Ruling may hit property market, dairy growth

Matt Harcombe
Matt Harcombe
The growth of both the rural property market and dairy industry in Waitaki could be affected by a new Environment Court ruling that will change how the high-country land tenure review system is implemented in the district.

The Environment Court last week found that an exemption included in the Waitaki District Council's district plan that allowed native plants to be cleared from properties that had been through the tenure process was not in line with the plan's objectives or the Resource Management Act.

Forest and Bird took the Waitaki District Council and Federated Farmers to court to overturn the exemption in June, and Forest and Bird solicitor Sally Gepp said the ruling was "an important win" for the protection of native vegetation, which was increasingly being cleared to allow land to be converted for dairy farm use or for the creation of lifestyle subdivisions in the district.

"The court accepted Forest and Bird's evidence that, while the tenure review process requires consideration of the land's ecological values, its outcomes do not always result in the protection of those values.

"Our evidence showed that in lower altitude areas where the least native plants remain, less than half of the areas that the Department of Conservation had identified as 'significant' were retained in Crown ownership.

"The remaining areas were freeholded with no form of protection. The problem is that the Waitaki District Council then decided that its plan wouldn't protect those areas either." Ms Gepp said the high-country tenure review process, which is set out in the Crown Pastoral Land Act 1998, was a "badly imbalanced" process, and added that the council had a duty to consider more just than the interests of farmers.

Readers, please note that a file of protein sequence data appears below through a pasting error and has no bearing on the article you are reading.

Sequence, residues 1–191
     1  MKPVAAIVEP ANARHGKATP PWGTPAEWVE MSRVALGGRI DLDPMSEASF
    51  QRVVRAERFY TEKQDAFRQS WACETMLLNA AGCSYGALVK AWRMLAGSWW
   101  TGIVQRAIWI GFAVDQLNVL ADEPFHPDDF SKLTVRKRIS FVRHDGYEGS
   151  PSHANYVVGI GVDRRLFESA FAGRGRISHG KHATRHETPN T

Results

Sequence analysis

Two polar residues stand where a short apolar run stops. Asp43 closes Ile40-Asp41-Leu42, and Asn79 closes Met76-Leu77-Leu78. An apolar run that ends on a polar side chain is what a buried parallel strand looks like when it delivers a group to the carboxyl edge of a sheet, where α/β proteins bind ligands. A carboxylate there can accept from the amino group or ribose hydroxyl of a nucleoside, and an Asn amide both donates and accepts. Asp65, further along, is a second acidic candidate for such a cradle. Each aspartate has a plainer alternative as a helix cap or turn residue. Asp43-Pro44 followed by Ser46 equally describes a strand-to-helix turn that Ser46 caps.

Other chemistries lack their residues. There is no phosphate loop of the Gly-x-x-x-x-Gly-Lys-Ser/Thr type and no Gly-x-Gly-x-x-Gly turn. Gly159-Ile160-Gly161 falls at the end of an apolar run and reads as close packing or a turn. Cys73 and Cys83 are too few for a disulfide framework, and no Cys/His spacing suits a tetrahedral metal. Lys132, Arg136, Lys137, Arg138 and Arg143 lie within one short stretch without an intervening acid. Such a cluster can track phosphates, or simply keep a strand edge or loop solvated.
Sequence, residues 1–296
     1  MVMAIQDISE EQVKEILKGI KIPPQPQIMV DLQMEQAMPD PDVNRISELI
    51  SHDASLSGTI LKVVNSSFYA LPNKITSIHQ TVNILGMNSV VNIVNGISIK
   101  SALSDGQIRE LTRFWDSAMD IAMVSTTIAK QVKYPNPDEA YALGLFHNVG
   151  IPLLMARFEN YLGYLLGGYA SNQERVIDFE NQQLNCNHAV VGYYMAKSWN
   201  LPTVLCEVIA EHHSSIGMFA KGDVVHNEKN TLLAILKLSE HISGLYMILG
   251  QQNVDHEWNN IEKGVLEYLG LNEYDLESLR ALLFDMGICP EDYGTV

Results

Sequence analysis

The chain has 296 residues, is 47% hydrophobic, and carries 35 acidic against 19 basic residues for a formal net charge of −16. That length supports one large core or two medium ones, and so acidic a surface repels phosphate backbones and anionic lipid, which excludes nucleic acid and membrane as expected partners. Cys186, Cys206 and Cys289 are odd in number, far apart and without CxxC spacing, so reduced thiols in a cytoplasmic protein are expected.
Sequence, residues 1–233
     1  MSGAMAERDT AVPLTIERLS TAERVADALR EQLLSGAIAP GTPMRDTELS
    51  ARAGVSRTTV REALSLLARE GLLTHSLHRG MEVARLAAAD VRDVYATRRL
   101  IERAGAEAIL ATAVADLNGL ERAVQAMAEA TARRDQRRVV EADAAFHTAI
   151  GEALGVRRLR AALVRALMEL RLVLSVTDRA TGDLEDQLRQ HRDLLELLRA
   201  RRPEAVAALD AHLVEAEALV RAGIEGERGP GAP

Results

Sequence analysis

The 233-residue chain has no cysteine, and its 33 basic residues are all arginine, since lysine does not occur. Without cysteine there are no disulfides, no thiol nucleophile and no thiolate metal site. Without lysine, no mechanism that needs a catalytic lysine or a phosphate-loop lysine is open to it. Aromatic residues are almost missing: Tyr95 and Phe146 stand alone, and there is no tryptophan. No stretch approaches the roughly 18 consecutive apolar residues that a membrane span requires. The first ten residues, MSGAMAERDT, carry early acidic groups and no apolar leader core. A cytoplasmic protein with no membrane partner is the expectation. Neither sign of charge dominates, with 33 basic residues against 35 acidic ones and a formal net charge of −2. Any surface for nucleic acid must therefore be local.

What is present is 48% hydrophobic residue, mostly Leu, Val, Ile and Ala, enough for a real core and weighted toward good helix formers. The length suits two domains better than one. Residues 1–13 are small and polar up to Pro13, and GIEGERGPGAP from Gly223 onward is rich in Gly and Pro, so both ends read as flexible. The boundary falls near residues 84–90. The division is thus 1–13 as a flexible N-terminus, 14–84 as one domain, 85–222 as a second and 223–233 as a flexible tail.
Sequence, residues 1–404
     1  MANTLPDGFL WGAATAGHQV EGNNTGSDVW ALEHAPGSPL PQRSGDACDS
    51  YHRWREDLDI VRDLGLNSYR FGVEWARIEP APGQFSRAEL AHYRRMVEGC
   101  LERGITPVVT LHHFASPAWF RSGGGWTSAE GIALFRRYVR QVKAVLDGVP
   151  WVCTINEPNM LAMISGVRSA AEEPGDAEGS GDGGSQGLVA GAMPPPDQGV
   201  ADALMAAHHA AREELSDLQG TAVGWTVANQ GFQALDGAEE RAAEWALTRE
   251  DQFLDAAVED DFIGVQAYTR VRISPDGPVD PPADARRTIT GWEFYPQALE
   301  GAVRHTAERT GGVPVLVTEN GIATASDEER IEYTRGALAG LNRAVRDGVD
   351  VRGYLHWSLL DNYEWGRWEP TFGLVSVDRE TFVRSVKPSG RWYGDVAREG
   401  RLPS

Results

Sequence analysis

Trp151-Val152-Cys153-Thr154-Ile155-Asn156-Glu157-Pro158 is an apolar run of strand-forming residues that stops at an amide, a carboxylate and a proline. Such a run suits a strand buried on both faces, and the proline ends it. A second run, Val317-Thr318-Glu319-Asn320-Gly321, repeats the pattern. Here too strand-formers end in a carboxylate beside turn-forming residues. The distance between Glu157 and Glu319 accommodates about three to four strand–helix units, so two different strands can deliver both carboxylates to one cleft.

"This case shows that tenure review is not adequately protecting nature in the high country, and that vegetation clearance rules are important tools to help councils meet their responsibilities."

Federated Farmers South Island policy manager Matt Harcombe said he was disappointed with the ruling, and that it would result in more "unnecessary" resource consent transaction costs for farmers and ratepayers.

"Forest and Bird were not successful during tenure review process and now they have bypassed a community-agreed plan to relitigate what they consider to be inadequate tenure review outcomes.

"The decision will do nothing to improve biodiversity in the district."

Landowners would "simply shut up shop", he said.

Council planning manager David Campbell said, as a result of the ruling, any clearance of indigenous vegetation above permitted thresholds would require a resource consents on all rural land.

However, steps were being made to help affected landowners through the rule changes, he said.

The council had been working closely with the upper and lower Waitaki zone committees as well as the Mackenzie Sustainable Futures Trust to try to work through some of the issues, but tenure review properties outside those areas, such as in the Kakanui and Waihemo parts of the district, would also be affected and would need support from the council, Mr Campbell said.

A district-wide ecological study was available to all landowners to participate in so they could get an understanding of the biodiversity values on their property, he said.

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